Genetically Modified Food and Feed

[back to previous text]

Dr. Ladyman: These Committees have been getting rather consensual of late, but the hon. Member for North-East Hertfordshire (Mr. Heald) has made several political points so let me respond in like fashion. In 1999, the Conservative party proposed a five-year moratorium on field trials for GM crops. All the research that he says we need to gather information would not have started for another two years if we had gone down that line. Although I do not support my Labour colleagues' actions of abstaining in the European Parliament debate, I shall not have them lectured by the hon. Gentleman.

Having said that, I shall make a few comments that I suspect will find more favour on the Opposition Benches than with my hon. Friends. I have always supported GM technology. Two recent authoritative reports—one published by the World Wide Fund for Nature, which came out today, I think, and another from a scientific committee of the United States Government—show that we are using our planet's resources at an unsustainable rate. A crisis is coming in terms of the raw materials that we use, the food that we produce, the energy that we use and the way in which we deal with our atmosphere, with regard to such problems as greenhouse gases. Many of those crises can be prevented only by deploying technologies that we develop.

Genetic modification is one such key technology which we must deploy to offset the crises. It will have huge economic benefits. I know that people who are against genetic modification will say that that means people making more money, but I am afraid that I am not against people making a living, and if economic benefits are to be had and some are passed to consumers, I am all for it. Let us not forget that many GMO products that the legislation will affect reduce energy consumption because less energy is consumed by their production. They reduce chemical use on fields. They reduce greenhouse gas production, as we do not have to till soils to the same extent. There are many potential benefits for the third world in deploying such technology. I do not suggest that such benefits will automatically accrue. Political decisions and guidance will be necessary to reap all the benefits of GM technology, but we must exploit its potential.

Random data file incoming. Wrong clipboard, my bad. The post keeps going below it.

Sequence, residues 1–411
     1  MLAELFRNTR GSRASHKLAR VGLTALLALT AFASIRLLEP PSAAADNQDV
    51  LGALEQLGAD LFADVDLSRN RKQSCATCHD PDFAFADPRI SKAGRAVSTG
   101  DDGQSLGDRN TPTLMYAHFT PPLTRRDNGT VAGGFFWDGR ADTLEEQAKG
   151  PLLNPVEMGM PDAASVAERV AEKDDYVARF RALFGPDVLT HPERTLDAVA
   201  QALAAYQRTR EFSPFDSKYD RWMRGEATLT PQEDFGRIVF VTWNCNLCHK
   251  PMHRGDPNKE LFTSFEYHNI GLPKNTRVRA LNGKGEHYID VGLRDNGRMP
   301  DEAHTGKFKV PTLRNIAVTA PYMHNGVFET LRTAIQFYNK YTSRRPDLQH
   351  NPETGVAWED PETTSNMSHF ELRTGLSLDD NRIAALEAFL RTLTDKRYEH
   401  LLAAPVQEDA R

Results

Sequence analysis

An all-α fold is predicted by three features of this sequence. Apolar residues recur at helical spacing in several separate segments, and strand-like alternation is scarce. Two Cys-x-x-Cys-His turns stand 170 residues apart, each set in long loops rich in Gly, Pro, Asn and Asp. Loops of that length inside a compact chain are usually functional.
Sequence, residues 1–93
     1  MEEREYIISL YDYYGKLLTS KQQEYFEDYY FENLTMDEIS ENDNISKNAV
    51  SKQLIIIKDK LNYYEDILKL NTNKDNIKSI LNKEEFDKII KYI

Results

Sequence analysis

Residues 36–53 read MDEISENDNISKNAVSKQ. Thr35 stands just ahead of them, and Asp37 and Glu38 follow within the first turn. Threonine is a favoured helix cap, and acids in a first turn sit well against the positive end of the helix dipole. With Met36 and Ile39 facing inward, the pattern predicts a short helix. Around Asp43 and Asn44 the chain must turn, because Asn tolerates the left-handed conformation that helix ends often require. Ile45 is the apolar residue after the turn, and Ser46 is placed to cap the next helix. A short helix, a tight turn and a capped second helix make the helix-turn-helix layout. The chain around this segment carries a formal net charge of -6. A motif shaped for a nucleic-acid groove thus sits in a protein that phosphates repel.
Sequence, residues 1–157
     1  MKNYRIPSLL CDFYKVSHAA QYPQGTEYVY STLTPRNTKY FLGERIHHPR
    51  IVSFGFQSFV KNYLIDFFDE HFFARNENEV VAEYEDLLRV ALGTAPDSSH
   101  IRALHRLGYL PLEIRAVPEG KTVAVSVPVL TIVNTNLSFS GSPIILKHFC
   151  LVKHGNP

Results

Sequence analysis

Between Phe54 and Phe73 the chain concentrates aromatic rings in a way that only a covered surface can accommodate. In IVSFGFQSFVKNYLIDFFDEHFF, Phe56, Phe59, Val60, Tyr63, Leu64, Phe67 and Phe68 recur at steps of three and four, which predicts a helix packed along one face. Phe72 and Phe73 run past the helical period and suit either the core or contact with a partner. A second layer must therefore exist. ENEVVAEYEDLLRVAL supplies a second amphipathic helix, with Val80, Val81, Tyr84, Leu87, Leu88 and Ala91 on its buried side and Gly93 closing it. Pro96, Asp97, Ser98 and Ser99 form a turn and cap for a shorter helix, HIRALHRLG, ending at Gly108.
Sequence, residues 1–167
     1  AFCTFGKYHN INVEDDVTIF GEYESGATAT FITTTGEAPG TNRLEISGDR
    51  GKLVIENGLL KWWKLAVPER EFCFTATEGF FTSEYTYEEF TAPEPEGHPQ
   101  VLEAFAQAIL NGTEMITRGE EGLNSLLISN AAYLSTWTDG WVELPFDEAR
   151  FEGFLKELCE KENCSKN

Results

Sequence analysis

We are getting into the most awful muddle by drawing what I regard as a false distinction between GM and other products. For example, there is a strain of pea that is grown because it produces its own insecticide, so not so much insecticide is necessary to grow it. It was developed not with GM technology but with a perfectly ordinary ancient process of plant breeding, and it brings economic benefits. Are we

Column Number: 23

going to label that product as having been produced from an insecticide-producing pea? Of course not. People will eat it tonight in the Members' Tea Room without even questioning what variety of pea they have on their plate.

I once worked with a scientist who identified a brand of potato that defeated insect attack by having sticky hairs growing out of the stem so the insects could not walk up it. The problem was that the potatoes tasted like—urgh. To the best of my knowledge, no one ever managed, using old-fashioned techniques, to put that stem on a potato that tasted delicious. If anyone had been able to do so, it would have been a great step forward. GM technology could do that tomorrow. If it can do that and produce a major step forward so that we no longer have to treat our potatoes with insecticide, why not exploit that and give people the opportunity to do it?

Mr. Jack: I follow, and sympathise and empathise with, many of the hon. Gentleman's points. Will he consider the implications of labelling packs of tomatoes ''Subject to biological control agents'', which are perfectly natural control mechanisms, thus obviating the need for pesticides?

Dr. Ladyman: Exactly.